If you’re going to do your own viewings then there are a few rules to bear in mind. Assuming the house is spotless and looks and smells fantastic then you should turn your attention to other matters.
What are you going to wear? Clearly being in pyjamas is not acceptable. Having your hair in curlers is probably also a no-no!
What about the rest of the family. Get them out of the house. Send them to the shop for a paper or to the park. Get the dog out of the house too. Some people don’t like dogs and almost no one enjoys having a dog jump up at them or barking.
Having someone asleep in bed is a huge problem – if someone works nights then they will have to have disturbed sleep if you have a viewing lined up. Try to arrange viewings for when they will be awake anyway.
Don’t have anyone using the shower or loo either. I’ve read horror stories about people being in the bath during viewings.
Greet your viewers with a smile too! Even if they are late you should greet them with a smile. Should you offer them a drink? I’ve only ever been offered a drink once when I’ve been viewing houses, and to be honest it was a bit weird.
Lock up your valuables – make sure your handbag isn’t where anyone could rifle through it. Don’t leave money out anywhere and don’t leave them alone in rooms for any length of time.
Ignore any comments about your decoration that they come out with. Pretend you didn’t hear them slating your lovely wallpaper or choice of paint for the lounge door. If they want to pay the asking price then they can be as rude as they want.
Show them round and then ask if they want to look at any rooms again. You can let them wander round on their own if you like and in most houses they won’t get lost. If you have a huge house then you might want to give them the guided tour. But in a normal size house this can be a bit repetitive pointing out the obvious function of each room.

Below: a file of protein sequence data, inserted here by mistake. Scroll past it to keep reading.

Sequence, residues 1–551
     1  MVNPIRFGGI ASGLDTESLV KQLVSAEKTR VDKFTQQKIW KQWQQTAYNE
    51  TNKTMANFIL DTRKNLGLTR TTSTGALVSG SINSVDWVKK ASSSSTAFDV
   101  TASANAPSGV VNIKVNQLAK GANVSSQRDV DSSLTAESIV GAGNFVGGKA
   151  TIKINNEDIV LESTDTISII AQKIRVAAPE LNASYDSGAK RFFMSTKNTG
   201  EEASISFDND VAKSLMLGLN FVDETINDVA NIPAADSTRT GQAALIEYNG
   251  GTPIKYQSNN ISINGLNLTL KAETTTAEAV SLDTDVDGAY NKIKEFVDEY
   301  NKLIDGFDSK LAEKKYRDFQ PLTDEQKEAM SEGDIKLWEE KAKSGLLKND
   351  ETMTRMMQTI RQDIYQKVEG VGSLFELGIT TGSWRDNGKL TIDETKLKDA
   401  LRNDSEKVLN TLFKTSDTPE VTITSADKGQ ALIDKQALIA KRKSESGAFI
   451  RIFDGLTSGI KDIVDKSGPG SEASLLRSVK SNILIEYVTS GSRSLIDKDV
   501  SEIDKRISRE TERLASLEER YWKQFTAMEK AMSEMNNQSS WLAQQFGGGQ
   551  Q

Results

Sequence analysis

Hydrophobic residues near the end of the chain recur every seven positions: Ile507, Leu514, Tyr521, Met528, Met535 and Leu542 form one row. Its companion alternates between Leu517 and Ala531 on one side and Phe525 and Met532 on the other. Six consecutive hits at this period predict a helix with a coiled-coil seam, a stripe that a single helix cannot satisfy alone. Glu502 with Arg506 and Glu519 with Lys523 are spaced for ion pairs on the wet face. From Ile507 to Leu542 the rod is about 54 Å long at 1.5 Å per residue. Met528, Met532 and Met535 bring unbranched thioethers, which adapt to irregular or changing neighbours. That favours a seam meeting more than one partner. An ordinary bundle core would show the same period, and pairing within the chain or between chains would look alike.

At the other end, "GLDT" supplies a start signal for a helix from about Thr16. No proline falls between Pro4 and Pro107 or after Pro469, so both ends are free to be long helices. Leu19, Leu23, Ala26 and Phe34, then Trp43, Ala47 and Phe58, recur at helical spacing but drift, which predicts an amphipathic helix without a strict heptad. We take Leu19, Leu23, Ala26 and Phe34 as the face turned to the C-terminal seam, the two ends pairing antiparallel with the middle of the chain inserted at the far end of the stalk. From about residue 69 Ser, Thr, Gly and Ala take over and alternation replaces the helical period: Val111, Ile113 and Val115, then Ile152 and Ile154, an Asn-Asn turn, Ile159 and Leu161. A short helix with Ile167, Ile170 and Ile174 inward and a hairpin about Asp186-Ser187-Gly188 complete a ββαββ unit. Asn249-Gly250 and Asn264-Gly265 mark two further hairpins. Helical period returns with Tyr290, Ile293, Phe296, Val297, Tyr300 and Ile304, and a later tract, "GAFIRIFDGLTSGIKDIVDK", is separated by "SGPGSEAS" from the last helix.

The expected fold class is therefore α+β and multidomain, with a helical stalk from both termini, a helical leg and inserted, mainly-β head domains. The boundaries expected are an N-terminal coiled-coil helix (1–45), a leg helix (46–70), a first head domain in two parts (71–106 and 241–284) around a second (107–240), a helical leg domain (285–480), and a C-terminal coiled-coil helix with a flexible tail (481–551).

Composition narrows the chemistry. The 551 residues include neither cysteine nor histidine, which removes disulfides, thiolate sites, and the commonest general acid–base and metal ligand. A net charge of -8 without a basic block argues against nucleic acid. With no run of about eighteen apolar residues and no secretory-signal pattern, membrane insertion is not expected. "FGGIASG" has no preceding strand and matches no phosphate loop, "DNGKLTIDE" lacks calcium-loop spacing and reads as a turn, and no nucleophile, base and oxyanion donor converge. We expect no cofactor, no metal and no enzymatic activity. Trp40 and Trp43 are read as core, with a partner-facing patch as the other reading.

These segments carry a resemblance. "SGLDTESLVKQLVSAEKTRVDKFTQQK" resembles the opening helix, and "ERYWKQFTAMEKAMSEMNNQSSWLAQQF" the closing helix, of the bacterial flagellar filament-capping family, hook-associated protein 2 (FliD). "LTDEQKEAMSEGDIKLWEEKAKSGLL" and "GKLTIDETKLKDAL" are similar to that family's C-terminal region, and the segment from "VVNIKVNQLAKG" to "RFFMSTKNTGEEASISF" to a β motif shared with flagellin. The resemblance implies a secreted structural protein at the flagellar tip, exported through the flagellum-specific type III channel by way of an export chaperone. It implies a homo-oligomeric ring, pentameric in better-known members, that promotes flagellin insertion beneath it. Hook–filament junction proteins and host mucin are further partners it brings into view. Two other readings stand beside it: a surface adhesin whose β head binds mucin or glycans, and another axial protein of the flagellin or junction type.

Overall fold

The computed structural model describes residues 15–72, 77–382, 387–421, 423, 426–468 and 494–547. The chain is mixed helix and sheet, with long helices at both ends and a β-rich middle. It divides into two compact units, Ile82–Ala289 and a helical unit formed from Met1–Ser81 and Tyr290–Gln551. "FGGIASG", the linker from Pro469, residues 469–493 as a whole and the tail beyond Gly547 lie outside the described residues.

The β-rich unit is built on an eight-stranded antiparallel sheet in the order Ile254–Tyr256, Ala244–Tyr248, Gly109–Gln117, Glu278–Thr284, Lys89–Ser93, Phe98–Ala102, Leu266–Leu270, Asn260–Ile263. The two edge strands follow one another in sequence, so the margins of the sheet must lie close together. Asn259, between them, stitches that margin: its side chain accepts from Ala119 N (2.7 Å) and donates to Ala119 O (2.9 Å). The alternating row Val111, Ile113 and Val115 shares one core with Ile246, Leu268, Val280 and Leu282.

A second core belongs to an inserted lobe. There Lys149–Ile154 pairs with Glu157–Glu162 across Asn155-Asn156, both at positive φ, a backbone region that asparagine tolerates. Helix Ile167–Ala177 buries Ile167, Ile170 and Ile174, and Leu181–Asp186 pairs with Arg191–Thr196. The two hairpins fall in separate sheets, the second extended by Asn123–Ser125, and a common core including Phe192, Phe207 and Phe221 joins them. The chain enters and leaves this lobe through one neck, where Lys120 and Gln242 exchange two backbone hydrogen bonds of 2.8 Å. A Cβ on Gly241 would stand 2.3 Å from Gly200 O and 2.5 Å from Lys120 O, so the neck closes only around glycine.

Answer their questions – perhaps have copies of utility bills out – or have totals for the last winter’s bill – as this is something that people are interested in. Write down when the boiler was last serviced and by whom. If you have chimneys then write down when they were last swept as well. If you have cavity wall insulation then tell them!
If you’re not sure of an answer say you don’t know – but offer to research the information for them and pass it on via the estate agent.
Always ensure viewings are booked through the estate agent and consider keeping someone else in the house with you.
Ask them questions – are they ready to move, are they new to the area, what other properties have they looked at in the area?
Some people will be tyre kickers – that is, people who like viewing houses. Some people will be first time buyers and may have little experience of viewing a house. Some will be professional landlords looking to extend their portfolio. All these people need dealing with in a polite, professional manner. You may be able to tell whether someone is a landlord by the lack of questions they ask. First time buyers might ask many questions.
They may ask if you have found somewhere else to buy yet. If you haven’t then be honest – and they ask if you would consider moving into rented if they want to buy quickly, then be honest – and that might mean saying you don’t know!
After your viewing you should expect your estate agent to contact them with feedback about the viewing and whether they liked it. This feedback can be useful for you to know about as it can help future viewings.